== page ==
David Greig’s Outlying Islands is a play that comes with a brilliantly meaty concept at its heart. The two-act, five-character piece is based on a real-life story of a pre-WW2 British government, who developed new chemical weapons by bombing remote Scottish islands (as part of the slightly deceptively titled Operation Vegetarian). The weapons, if used, would have decimated Germany’s agricultural heart and probably murdered millions of people. They were quietly retired after 1945.
But Greig’s play just uses this as a backdrop. Instead, we follow two budding ornithologists who come to the island ahead of the test bombings to catalogue the bird colonies. They’re young, bullish, banter-ful and both infatuated with the island-owners’ niece Ellen. And lo, a love triangle emerges.
Greig’s play bagged a Fringe First Award back in 2002 (remember 2002?) when it opened at the Traverse Theatre. But it wasn’t heralded as a modern classic – Lyn Gardner said it “is such a brave play, one that tries so hard to fly, that you are prepared to forgive it when it plummets straight to the ground.” Thump. Even the 2014 revival was met with slightly cautious optimism.
But how does it fare in the hands of director Jessica Lazar of Atticist theatre company, following on from the magical success of her reimagined version of Berkoff’s East in 2018?
Pretty solidly, it’s worth stating. The cast (barring a few slightly shaky Scottish accents) acquit themselves perfectly well, with Rose Wardlaw’s Ellen shining as a character that could have, with Greig’s writing, amounted to little more than an object of male attraction. Tom Machell, like some sort of Matthew Goode-Rufus Sewell lovechild, is simultaneously haunted and vivacious, at times even animalistic to a point of terrifying. Lazar really knows how to bring out the best in her cast, while plotting the piece’s course with unrelenting energy. Only some iffy lighting decisions feel out of place.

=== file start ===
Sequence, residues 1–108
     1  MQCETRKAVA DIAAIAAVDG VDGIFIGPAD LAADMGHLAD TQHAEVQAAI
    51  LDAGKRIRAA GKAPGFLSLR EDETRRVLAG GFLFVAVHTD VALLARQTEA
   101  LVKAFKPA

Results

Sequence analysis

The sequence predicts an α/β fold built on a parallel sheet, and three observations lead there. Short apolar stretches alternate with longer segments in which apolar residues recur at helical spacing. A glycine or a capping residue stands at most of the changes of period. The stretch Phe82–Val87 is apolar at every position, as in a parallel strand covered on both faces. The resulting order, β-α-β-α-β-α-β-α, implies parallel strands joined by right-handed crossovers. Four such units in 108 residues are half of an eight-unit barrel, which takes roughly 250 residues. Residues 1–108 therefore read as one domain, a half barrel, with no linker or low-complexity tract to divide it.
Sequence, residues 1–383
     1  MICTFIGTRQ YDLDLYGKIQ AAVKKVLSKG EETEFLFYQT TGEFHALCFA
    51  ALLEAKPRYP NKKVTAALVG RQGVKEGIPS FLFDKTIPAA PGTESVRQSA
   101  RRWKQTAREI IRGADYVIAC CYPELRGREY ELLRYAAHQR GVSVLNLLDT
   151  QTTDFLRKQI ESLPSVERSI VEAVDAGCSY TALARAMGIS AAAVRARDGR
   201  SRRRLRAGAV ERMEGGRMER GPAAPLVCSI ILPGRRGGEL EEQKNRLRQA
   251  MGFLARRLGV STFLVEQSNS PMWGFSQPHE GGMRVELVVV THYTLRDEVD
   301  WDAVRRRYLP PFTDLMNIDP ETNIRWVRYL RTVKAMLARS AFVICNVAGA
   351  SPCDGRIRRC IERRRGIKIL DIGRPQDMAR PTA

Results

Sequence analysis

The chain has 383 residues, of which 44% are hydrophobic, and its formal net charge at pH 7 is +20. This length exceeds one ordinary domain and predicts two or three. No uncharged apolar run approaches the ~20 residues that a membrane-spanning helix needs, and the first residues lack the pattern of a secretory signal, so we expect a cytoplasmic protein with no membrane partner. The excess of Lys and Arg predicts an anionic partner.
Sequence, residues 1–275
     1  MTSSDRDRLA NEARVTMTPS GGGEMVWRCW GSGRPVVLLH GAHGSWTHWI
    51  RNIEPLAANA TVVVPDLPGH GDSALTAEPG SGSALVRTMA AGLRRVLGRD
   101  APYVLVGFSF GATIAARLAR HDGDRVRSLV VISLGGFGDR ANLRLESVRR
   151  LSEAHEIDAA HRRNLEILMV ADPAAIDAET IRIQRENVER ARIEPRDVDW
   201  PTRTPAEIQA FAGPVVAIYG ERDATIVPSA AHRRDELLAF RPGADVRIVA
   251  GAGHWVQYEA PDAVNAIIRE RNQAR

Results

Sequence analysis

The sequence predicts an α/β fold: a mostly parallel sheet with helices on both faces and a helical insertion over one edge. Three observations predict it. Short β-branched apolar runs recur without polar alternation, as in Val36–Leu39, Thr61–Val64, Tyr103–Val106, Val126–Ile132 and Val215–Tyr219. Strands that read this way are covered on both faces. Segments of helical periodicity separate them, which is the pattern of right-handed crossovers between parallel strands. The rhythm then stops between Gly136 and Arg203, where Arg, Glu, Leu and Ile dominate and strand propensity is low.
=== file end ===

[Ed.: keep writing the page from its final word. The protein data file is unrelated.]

What is fascinating about East and Outlying Islands is that they both bubble with a similar underlying sense of violence. In East, violence is a part of Berkoff’s vision of London – emerging from the mist like a fog. Greig says that this isn’t just a metropolitan phenomenon – violence, just like sexual desire, is an intrinsic part of all of nature – not merely a part of humanity. It is consistent in all things. The island’s birds leave their young for dead, the two graduates wrestle and playfully batter each other and an old man is manhandled and taunted to a point of death. It’s all there – rippling with a tinge of menace. There can be something quite intimidating about having actors close to your face when you exactly what they’re capable of.
Both plays also have pretty brilliant and tense dinner table scenes, though that’s probably less relevant.
It’s a shame then, that Gardner’s point about the play rings true. The text manages to highlight all of these themes, but instead of tying them in a neat bow it all seems to settle on an awkwardly positioned near-threesome with an extra bucket-load of offstage tragedy. The slowly winding tension of the first 135 minutes bleeds away in the final quarter of an hour, almost making you crave you could spend longer out in remote Scotland.
You also get the nagging feeling that Greig misses a trick by focussing so squarely on his own fictitious creations rather than the real circumstances of the island. The British government bombed one of its own islands with anthrax. There were very real plans to do the same to Germany – I remember sitting on my bus back from Angel just awestruck by the true story. Barbarity and modernity are not antithetical. They coexist like two chicks in a nest. Either way I’m excited for Lazar’s next show.